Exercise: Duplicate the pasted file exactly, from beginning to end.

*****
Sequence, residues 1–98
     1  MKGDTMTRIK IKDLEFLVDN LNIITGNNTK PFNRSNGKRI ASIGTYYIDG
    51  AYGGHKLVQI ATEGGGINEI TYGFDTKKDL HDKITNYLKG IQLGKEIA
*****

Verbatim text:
Sequence, residues 1–98
     1  MKGDTMTRIK IKDLEFLVDN LNIITGNNTK PFNRSNGKRI ASIGTYYIDG
    51  AYGGHKLVQI ATEGGGINEI TYGFDTKKDL HDKITNYLKG IQLGKEIA